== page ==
Home Hospitality Sentipensante – The Perfect Word For Teaching The Spirit of Hospitality

Sentipensante – The Perfect Word For Teaching The Spirit of Hospitality


Having written hospitality and sales training articles for over two decades now, I’m often asked “How do you continue to come up with new ideas every month?” Truth is that it’s actually quite easy when you’re out on the road conducting training just above every week, spending time with the real experts in this industry such as the frontline superstars who make it all happen for guests.

Recently, I found my latest writing inspiration while I was back at one of my favorite stops, the amazing Nizuc Resort & Spa in Cancún, Mexico. During one of my classes, we were discussing what I have always called “the longest two-foot journey – from the head to the heart,” referencing that it is not enough to “know” the principles of hospitality, but rather one must live by them every day.

During the break, one of my participants approached me and taught me a new word in Spanish. He said, “You know Mr. Kennedy, we have a word for the concept you were just speaking of: sentipensante. Later, I read definitions online at a few sources, I found that sentipensante is a term that describes people who by nature integrate both their emotions and intellectual reasoning as a unified way of simultaneously thinking and feeling. They have learned to make smart decisions that rely on both empathy and intelligence.
What a perfect word for training the spirit of hospitality!

Too often, so-called “hospitality” training these days consists of teaching staff to use scripted communications techniques such as those mandated by brand standards and luxury rating systems. Surely, these are important essentials. Yes, it’s good to train our teams to use guests’ names, say “you’re most welcome” instead of “no problem,” and what to say when guests complain. Yet if that’s the extent of the training, we churn out staff who sound scripted and robotic, and who will deliver a service style of detached politeness.

Instead, training also needs to cover the concept of hospitality as a philosophy for daily living that, when fully embraced, can actually make work more fun and rewarding too.

As my frequent readers know, I’ve often written about the core spirit of hospitality, which in my mind is human kindness, especially to the strangers we call guests. And yes, I DO think that kindness and empathy can be trained – or at least nurtured – and not just “hired.”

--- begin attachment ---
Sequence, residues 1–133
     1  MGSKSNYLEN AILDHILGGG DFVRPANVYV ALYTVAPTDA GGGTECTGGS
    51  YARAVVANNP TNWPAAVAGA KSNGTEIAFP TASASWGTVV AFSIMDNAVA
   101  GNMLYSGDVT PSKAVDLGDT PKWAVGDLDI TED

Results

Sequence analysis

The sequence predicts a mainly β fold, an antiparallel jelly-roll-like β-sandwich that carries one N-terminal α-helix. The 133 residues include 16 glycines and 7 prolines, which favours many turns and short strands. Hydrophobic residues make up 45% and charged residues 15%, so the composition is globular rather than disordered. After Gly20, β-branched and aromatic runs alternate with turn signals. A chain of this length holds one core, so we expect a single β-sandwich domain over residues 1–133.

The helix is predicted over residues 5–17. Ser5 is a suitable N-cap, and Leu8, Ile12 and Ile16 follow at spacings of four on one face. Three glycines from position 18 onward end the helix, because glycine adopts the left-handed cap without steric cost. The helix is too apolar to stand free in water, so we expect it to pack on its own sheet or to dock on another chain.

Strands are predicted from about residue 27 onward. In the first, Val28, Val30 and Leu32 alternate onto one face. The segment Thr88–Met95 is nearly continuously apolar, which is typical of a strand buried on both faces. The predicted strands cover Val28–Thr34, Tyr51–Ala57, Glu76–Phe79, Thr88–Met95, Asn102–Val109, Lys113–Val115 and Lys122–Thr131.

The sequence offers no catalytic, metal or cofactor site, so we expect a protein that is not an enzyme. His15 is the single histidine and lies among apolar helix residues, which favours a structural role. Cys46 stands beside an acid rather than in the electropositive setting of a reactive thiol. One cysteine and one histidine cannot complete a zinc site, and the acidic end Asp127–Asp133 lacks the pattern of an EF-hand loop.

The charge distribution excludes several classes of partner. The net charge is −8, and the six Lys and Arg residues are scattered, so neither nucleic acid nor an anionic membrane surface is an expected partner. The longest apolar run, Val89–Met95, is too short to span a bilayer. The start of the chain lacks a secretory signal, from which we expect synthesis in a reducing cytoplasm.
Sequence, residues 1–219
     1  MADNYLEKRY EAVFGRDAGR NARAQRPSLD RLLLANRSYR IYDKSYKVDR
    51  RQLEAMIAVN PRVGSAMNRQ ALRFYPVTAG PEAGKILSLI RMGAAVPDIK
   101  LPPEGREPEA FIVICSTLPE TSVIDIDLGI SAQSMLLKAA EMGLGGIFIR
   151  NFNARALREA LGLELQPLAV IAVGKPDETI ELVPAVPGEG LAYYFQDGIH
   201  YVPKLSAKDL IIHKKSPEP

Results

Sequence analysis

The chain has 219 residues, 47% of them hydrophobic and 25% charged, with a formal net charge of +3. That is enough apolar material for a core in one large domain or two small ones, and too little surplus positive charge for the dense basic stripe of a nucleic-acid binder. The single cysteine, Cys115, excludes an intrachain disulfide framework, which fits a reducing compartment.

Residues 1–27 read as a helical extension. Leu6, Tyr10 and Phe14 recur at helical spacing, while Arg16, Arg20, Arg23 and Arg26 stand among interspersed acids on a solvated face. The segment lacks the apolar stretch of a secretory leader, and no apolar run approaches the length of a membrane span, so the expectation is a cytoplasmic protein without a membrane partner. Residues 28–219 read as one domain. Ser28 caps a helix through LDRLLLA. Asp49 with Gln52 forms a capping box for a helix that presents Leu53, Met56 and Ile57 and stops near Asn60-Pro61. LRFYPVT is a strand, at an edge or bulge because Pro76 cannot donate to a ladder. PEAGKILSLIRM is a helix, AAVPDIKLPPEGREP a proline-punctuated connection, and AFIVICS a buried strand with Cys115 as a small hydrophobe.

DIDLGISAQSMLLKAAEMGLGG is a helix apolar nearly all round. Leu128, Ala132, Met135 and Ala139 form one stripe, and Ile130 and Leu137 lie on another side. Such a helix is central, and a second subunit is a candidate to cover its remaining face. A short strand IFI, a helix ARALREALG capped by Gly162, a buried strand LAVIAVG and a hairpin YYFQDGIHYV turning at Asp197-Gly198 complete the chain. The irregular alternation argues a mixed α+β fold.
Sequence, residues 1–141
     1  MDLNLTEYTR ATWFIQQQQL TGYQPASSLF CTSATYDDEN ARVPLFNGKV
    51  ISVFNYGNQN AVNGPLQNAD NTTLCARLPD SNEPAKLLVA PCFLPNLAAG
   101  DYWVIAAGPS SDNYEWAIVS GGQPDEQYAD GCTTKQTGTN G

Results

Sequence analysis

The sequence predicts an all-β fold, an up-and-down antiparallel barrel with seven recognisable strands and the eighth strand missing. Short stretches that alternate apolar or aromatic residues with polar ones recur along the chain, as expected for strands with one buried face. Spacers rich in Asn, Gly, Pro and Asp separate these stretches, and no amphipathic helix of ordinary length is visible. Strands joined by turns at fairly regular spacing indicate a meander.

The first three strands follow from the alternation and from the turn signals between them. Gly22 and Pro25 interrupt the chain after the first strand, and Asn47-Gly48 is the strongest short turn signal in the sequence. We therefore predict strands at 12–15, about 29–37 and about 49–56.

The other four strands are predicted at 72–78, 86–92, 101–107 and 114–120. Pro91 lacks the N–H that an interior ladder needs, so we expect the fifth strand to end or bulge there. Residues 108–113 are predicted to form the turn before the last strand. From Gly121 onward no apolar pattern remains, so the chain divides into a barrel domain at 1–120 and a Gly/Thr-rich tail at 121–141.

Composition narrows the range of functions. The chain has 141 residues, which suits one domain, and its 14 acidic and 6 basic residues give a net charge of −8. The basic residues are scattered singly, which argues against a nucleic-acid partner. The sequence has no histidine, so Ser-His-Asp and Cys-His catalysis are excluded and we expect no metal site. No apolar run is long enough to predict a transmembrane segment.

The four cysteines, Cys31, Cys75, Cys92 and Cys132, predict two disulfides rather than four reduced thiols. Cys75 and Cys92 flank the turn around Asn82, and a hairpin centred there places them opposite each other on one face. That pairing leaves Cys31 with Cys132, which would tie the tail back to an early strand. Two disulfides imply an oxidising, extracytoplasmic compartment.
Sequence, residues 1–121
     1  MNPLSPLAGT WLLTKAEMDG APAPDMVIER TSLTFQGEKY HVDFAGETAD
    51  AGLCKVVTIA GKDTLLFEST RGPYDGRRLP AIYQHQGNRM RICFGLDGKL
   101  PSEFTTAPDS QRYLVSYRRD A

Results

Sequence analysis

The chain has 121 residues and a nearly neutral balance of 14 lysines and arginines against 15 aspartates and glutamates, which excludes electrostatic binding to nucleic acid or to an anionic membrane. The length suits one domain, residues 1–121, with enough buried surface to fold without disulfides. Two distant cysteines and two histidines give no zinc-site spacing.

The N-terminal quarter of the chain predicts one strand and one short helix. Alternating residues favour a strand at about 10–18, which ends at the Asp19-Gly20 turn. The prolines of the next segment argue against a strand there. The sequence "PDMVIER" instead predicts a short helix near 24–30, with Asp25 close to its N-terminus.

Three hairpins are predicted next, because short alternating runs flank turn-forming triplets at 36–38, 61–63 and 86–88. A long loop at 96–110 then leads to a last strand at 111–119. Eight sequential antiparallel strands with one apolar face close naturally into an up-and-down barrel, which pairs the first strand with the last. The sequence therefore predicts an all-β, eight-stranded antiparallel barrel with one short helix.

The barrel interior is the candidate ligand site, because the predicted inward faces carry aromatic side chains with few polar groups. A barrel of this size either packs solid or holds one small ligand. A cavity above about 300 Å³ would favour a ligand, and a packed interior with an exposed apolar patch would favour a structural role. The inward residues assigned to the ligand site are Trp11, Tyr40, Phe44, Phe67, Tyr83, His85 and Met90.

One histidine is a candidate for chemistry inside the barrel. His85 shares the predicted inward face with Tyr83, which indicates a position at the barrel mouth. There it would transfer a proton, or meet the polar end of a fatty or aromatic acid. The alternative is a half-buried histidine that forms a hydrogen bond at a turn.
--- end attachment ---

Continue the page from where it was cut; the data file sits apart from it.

Start by encouraging your staff to think about the uniquely human experiences playing out on the other side of the front desk, behind the guest room doors, across the bar or restaurant table, or in the hearts of the guests they pass in hallways and corridors every day. Surely, many guests are enjoying their travels whether for business or leisure, but behind every face is a uniquely personal story. While many business travelers are in town for fun meetings and company events, others are living a lonely life on the road away from young children, elderly parents, favorite pets, and beloved spouses. Some are in town to close the big sale, while others are there to file for bankruptcy or to have to announce layoffs. Many transient guests are visiting for romantic getaways, family reunions, and to attend concerts or events. Others might be here for a funeral, a hospital stay, or because they have separated from their partner.

So when training hospitality, it is important to convey both the philosophy of hospitality as well as the communications essentials of politeness.

But as I learned from my participant in Mexico, we also need to teach the concept of sentpensante, which at its most basic definition is simply connecting what’s thought in our heads with what’s felt in our hearts. That way our staff will remember all the communication techniques they know intellectually and deliver them with empathy, patience, intuition, and compassion.



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